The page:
Was this review helpful? Yes  No   Report this review
  • Posted August 23, 2009

    BEST EVER

    This is one of Nora Roberts/JD Robbs best suspense novels I have read. I am an avid reader and fan of Nora Roberts and as J.D. Robb. She stickes to her main character very well. Too many authors bring in and focus on too many main characters in the plot and a reader gets lost and has to think, "Oh yeah, that's the one the book is really about."

    Was this review helpful? Yes  No   Report this review
  • Posted May 11, 2009

    more from this reviewer

    Couldn't stop reading!!!

    This is my first J.D.Robb, and certainly not my last. I took this book with me on vacation in the Caribbean, and I was unable to put it down. Relaxing under the palm trees was a perfect place for enjoying the plot. I loved the futuristic side of the novel.
    I am already a big fan.
    Can't wait for my next J.D.Robb.!

    Was this review helpful? Yes  No   Report this review
  • Posted March 17, 2009

    more from this reviewer

    Another great one!

    All the "In Death" series are great, and this one is no exception! I love Eve's attitude and her outlook on children and childbirth. Her loyalty to Mavis is amazing. Even though you learn more about all the characters, the actual case adds excitement and a good plot to the book.

    Was this review helpful? Yes  No   Report this review
  • Posted June 6, 2009

    more from this reviewer

    Fast, even for Eve Dallas

    Between solving murders of employees at a very high-profile firm, attending birthing classes, Mavis impending delivery, and the realization that she's supposed to throw the baby shower for Mavis; the disappearance of Mavis' friend Tandy resulting in what she knows is an almost impossible to keep promise; Eve's going to need all the real coffee she can get! Eve and her entire staff are hopping, Roarke manages to keep up and the rest of us are out of breath trying to keep pace.

    Was this review helpful? Yes  No   Report this review
  • Posted February 23, 2009

    Great character involvement, good blended plot.

    I really enjoyed this installment in the In Death series. It brought out a lot of the character's emotions and details. The long awaited birth of Mavis's baby and Eve and Roarke's involvement was wonderful. It seems like Eve's resistance to having a baby may have been softened a little! One of the best so far.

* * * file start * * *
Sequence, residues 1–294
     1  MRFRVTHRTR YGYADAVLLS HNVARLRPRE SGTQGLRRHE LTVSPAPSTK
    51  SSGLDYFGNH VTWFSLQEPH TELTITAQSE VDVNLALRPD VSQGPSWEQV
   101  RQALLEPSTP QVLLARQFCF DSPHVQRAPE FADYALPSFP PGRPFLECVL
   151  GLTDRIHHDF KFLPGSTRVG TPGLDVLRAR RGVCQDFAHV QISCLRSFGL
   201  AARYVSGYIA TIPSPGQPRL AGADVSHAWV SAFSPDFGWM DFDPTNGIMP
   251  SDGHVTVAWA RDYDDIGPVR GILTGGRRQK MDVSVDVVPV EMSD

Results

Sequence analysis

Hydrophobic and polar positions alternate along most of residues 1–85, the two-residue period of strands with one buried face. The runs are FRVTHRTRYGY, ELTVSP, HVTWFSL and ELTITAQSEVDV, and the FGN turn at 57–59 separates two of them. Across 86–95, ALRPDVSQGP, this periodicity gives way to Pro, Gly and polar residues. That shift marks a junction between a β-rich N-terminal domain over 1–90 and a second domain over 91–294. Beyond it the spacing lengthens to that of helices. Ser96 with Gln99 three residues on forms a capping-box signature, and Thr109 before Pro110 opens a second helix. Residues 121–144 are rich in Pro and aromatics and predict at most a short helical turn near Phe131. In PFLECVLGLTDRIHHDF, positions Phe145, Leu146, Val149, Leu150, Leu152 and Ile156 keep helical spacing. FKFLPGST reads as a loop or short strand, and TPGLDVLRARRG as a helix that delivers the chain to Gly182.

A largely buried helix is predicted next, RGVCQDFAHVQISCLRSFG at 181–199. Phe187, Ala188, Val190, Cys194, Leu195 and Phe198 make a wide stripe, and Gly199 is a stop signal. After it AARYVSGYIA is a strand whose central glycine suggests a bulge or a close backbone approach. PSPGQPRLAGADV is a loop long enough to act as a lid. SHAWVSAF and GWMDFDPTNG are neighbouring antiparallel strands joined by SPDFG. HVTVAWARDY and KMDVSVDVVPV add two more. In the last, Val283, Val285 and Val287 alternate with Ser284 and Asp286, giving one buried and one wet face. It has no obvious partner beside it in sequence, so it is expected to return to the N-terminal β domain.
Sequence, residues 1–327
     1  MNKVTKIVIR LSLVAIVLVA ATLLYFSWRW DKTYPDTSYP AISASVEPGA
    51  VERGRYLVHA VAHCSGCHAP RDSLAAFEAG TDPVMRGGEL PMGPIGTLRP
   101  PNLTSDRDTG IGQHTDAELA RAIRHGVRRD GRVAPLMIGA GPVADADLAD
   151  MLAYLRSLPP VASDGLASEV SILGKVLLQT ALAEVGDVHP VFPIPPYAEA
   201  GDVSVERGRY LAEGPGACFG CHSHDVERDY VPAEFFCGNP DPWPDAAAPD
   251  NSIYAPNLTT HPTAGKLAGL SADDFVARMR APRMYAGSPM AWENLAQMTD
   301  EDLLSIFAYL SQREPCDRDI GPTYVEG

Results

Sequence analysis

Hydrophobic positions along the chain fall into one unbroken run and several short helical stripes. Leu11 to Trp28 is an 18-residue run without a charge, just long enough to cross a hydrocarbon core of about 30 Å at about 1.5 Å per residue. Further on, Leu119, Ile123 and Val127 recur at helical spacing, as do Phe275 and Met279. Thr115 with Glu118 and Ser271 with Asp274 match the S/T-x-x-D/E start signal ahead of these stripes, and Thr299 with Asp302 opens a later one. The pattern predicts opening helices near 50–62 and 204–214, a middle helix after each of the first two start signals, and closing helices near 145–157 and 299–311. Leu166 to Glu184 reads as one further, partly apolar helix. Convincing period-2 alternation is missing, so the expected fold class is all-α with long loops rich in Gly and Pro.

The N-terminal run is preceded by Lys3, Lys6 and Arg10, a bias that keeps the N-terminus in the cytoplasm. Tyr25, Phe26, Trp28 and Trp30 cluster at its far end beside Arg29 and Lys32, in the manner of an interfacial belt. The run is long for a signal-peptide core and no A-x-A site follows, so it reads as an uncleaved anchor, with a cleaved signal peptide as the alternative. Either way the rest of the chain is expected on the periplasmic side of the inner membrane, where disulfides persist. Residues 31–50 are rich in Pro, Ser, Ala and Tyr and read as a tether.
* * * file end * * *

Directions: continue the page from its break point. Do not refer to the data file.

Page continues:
Was this review helpful? Yes  No   Report this review
  • Posted October 26, 2008

    more from this reviewer

    Jennifer Wardrip - Personal Read

    The "...IN DEATH" series, without a doubt, is one of the best. The perfect mix of mystery, psychological thriller, and romance, each book in this series always offers up a reading delight. <BR/><BR/>Once again, Eve Dallas is faced with solving a horrific crime. This time, as often happens with Dallas, the death of a young account executive and her financial manager fiance brings her own strong emotions into the mix. Since she's already dealing with the imminent arrival of Mavis's baby, the fact that she and Roarke are to serve as birthing coaches, and not to mention the baby shower she must throw for her friend before that happens, Eve's nerves are already stretched thin. <BR/><BR/>When Mavis's pregnant friend, Tandy, goes missing, Dallas now finds herself working two cases simultaneously. The two start off on different paths, but by the end of the investigation she might find that they have a lot in common--including new life and new death. <BR/><BR/>When questions of ethics are thrown into the mix by Whitney and his superiors, the crap hits the fan, and Eve and Roarke must put aside pride and anger to deal with their relationship, while still working on justice for the murder victims. <BR/><BR/>BORN IN DEATH is another winner in this series. As always, I raced through the book in record time, and was sad to be finished with the story when it ended. I can't wait for the next release, and hope to be able to see Eve and Roarke finally get that vacation they both deserve. And, if I get to read about them running naked on the sand under a bright sun, I probably won't complain!